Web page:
Pouya and Fat Nick, the so-called ‘Ren and Stimpy’ of rap, built their brand name on being lovable knuckleheads. But year that is last one of these had been quietly accused of intimate attack.
In October of 2013, a thin kid that is white Kevin Pouya uploaded a video clip to YouTube called “How to obtain Free Donuts. ” The video clip opens on Pouya, appearing like a preteen Travis Birkenstock bog boobs, dealing with the digital camera. “Check it away, find out about it, you get free donuts, from Dunkin’ Donuts” he says, “This is how. No. Cash. Needed. ” More than a piano sound recording directly through the Sims, the camera follows Pouya and a buddy because they order at a drive-thru window, grab a package of glazed, and speed down without having to pay, cackling from the great deal.
Miami rapper Pouya’s early YouTube show, Nick and Pouya Show, produced together with his friend that is best and longtime collaborator, Fat Nick, had been filled up with pranks similar to this one—silly, unscripted, low-budget, funny and then those included. But almost couple of years later on, after Pouya scored a large number of streams on SoundCloud, somewhat more body mass, and a spot that is coveted South Florida’s rap scene, he nevertheless cited their YouTube show while the start of their job.
“Comedy ended up being our very first thing, ” Pouya stated of fat Nick to his partnership on No Jumper, a favorite hip-hop podcast whose interviews with underground rappers act as some sort of litmus test for long-lasting viability. But even yet in their thing—writing that is second the, melancholy pubs now synonymous with Southern Florida rap—Pouya and Nick constantly branded by themselves as amiable goons. The set have classic comedy size differential (Pouya plays a skeletal David Spade to Nick’s Chris Farley), fast banter, and a dark, cartoonish sensibility, leading one author to dub them the “Ren and Stimpy of rap. ”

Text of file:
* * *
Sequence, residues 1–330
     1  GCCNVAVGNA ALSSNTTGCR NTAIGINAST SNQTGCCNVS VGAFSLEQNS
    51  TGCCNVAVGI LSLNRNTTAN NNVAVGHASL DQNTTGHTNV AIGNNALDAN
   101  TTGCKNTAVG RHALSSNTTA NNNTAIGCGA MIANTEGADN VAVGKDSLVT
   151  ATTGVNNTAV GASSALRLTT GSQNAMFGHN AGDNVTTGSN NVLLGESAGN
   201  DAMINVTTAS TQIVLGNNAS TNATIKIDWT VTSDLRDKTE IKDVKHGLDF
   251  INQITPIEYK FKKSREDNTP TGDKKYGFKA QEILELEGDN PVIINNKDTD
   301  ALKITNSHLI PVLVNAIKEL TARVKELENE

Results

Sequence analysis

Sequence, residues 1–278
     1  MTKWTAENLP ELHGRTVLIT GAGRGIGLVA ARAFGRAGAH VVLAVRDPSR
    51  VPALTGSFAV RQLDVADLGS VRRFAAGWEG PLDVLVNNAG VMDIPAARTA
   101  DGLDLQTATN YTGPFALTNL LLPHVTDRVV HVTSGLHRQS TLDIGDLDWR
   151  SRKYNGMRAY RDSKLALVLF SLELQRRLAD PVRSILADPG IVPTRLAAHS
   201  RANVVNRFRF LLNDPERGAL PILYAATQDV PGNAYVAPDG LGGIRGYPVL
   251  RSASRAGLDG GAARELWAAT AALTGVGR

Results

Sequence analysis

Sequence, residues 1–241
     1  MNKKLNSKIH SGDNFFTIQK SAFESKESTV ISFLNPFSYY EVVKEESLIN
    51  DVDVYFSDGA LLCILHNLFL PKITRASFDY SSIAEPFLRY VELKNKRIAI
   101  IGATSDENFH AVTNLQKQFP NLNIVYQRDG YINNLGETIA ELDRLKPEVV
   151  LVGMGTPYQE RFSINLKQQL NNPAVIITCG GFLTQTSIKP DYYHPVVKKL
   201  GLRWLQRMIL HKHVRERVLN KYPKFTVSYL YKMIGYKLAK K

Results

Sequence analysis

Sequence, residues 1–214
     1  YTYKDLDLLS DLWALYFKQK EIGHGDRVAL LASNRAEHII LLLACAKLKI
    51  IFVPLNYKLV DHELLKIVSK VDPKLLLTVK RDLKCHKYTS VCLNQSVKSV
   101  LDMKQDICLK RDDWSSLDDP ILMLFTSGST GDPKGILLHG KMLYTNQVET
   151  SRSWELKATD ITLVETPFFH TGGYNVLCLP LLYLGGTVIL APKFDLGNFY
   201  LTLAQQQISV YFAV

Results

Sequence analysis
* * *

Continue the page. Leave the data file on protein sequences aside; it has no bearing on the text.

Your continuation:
Within the time since, the duo became regulars when you look at the sphere of SoundCloud rap, with a title register this new York Times’ definitive article about them and constant commercial success. In 2016, Pouya featured on “Dat $tick, ” the breakout solitary from Indonesian MC deep Brian (then Rich Chigga), who now figures among the list of biggest names in rap. Across the exact same time, Pouya dropped Underground Underdogs, which climbed iTunes’ hip-hop charts for nearly a week. Later, their 2017 collab with Fat Nick, Drop away from class, accompanied suit. Then Five Five, a well-received mixtape released in March (known as when it comes to rapper’s height), prompted Pouya to announce a month-long trip across Europe for early this autumn.
But final September, amidst their job growth and merely a fortnight before Harvey Weinstein’s intimate misconduct allegations caused a cataclysm of #MeToo moments, the rappers’ reputation took a change when it comes to serious, whenever a 22-year-old tattoo artist filed a police report, accusing Pouya and two people in their entourage of intimate attack.
“Mr. Pouya is certain that a fundamental research for the facts will expose why these claims are false, ” the spokesperson published, “and when proof is evaluated these allegations would be determined to own been created by a disingenuous person who is searching for attention underneath the umbrella of the #MeToo movement. ” Law enforcement report had been filed on September 24, 2017. The #MeToo movement became popular after October 5, 2017.
The storyline begins at the beginning of 2015, when Pouya rose to SoundCloud semi-fame after releasing a few singles, such as the popular track “Get Buck” (2013), as well as 2 mixtapes, Stunna (2014) and Southern Side Slugs (2015). Though nevertheless mostly unknown, Pouya’s tiny but rabid following earned him a spot on No Jumper, talking to the podcast’s notorious host, the BMX-blogger, hip-hop tastemaker, and recently accused sexual assailant Adam Grandmaison, better referred to as Adam22. (Grandmaison denies the allegations. )
The then-20-year-old Pouya described growing up in Miami with his grandmother, meeting Nick in the seventh grade, and becoming fast friends in the episode. They skated, made videos that are quick their YouTube channel, and soon after, after both boys dropped away from senior high school, broke into rap.
The pivot from comedy to music wasn’t random—Pouya and Fat Nick were buddies with people in Raider Klan, the hip-hop collective spearheaded by an musician known as SpaceGhostPurrp, whom helped place Southern Florida music regarding the map.
Pouya’s No Jumper look proved immediately popular–then among the show’s most viewed—and into the after months their job gained momentum, prompting Adam22 to ask the rapper back into the podcast simply 10 months later (“His career has exploded in great amounts, ” the host had written when you look at the show records. ) Element of that appeal stemmed from Pouya’s silly schtick (he and Nick are laughing throughout) and from their frankness. The rapper talked freely about anxiety, despair, and intimate insecurity, but in addition about explicit sexual escapades that take for an ominous tone in light regarding the allegations against him.